The past year’s challenges forced all of us to take a hard look at who we are and who we want to become. 

As Camp Fire’s CEO, Greg Zweber, outlined in his end-of-year letter, we did some very important work together during a very difficult year. From meeting emergency pandemic needs to creating an Equity in Programs Task Force to launching a training course on making safe spaces for LGBTQ+ youth, we continued to help more kids light the fire within. But we’re far from done. 

When we teach Camp Fire kids about goal-setting, we tell them change doesn’t happen by accident. You need a plan. So we spent the last half of 2020 making a plan for becoming who we want to be—and who our youth have made it plain they need us to be: An equity-focused organization that prioritizes nature, youth voice and inclusion for all. 

After hearing from the larger Camp Fire community in a series of virtual forums, our Strategic Planning Task Force (which included our National Youth Advisor Cabinet) set a vision and laid out the steps to get there.  

Where are we headed on our Camp Fire journey? That’s our five-year vision: 

 

We are committed to creating a sustainable organization that best serves today’s and tomorrow’s youth and families. We will do this by offering programs where every young person can be their whole self and connect with others and nature in a safe, affirming environment. We will strive to break down structural barriers and increase access to opportunities that support youth, families, and whole communities to thrive. To work towards this vision, we believe in working to become an equity-focused organization. We will act and hold ourselves accountable to five strategic commitments.

 

Those strategic commitments are the how to our vision’s why. Over the next 18 months, Camp Fire National Headquarters will be focusing on these five essential goals:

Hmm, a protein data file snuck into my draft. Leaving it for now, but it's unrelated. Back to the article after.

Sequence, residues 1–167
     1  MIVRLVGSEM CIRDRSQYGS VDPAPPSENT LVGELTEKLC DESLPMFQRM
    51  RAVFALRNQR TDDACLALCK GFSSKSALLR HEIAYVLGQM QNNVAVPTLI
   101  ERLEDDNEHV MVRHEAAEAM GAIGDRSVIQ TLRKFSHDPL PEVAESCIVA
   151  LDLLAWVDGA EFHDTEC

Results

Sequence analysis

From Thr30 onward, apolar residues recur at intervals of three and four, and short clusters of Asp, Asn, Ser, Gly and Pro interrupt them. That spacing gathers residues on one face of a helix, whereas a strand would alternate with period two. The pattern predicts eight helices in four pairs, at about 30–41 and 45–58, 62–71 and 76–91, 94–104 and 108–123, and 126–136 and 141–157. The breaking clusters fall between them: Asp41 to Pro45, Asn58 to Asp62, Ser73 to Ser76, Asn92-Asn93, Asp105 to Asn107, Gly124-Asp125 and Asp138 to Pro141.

Advance diversity, equity, inclusion (DEI) and access. How? We’ll be writing DEI and access into our mission, vision and goals language; integrating DEI and access into our professional development plans; learning how to measure and track DEI and access progress; and more. 

 

Engage in actively antiracist practices. How? We’ll be offering antiracist training; recruiting and sustaining racially diverse staff and board members; identifying partnerships to help us better understand and incorporate the experiences of BIPOC youth; and more. 

 

Address and end cultural appropriation. How? We’ll continue our exploration of cultural appropriation in our materials and practices. We will work with indigenous communities to determine how to and then acknowledge harm; create a road map for needed changes; develop a cultural appropriation assessment tool; and more.  

 

Honor the power of young people with meaningful participation in decision-making. We’ll be auditing current youth voice and leadership opportunities and challenges; identifying a clear purpose for the National Youth Advisory Council; launching council recruitment efforts; and more. 

 

Promote environmental stewardship and action. We will be identifying and elevating environmental best practices; we’ll align our programs with environmental stewardship and action; we’ll be creating tools and training for integrating environmental action; and more. 

 

As you can see, this vision is big and these goals are going to take all of our imagination, dedication and cooperation to achieve. We are committed to this work because the youth we serve are experiencing ongoing traumas – a pandemic, the public murder of Geroge Floyd, the white supremacist insurrection at the Capitol, to name a few – and are searching for answers. We know that these events are not by chance – they are hundreds of years of structural racism and socioeconomic inequities in the making. As we’ve said before, our own colorblindness and privilege have kept us from engaging in this work in a deep and meaningful way in the past. Our youth need and desire better from us. This work is critical. Our children are watching.

 

Want to learn more? 

Join our fireside chat about Camp Fire’s strategic plan on Feb 3 at 3:30 CST! CEO Greg Zweber and Chief Strategy Officer Shawna Rosenzweig will take us on a deeper dive into Camp Fire’s next 18 months—and what each of us can do to make this vision a reality. 

Join Us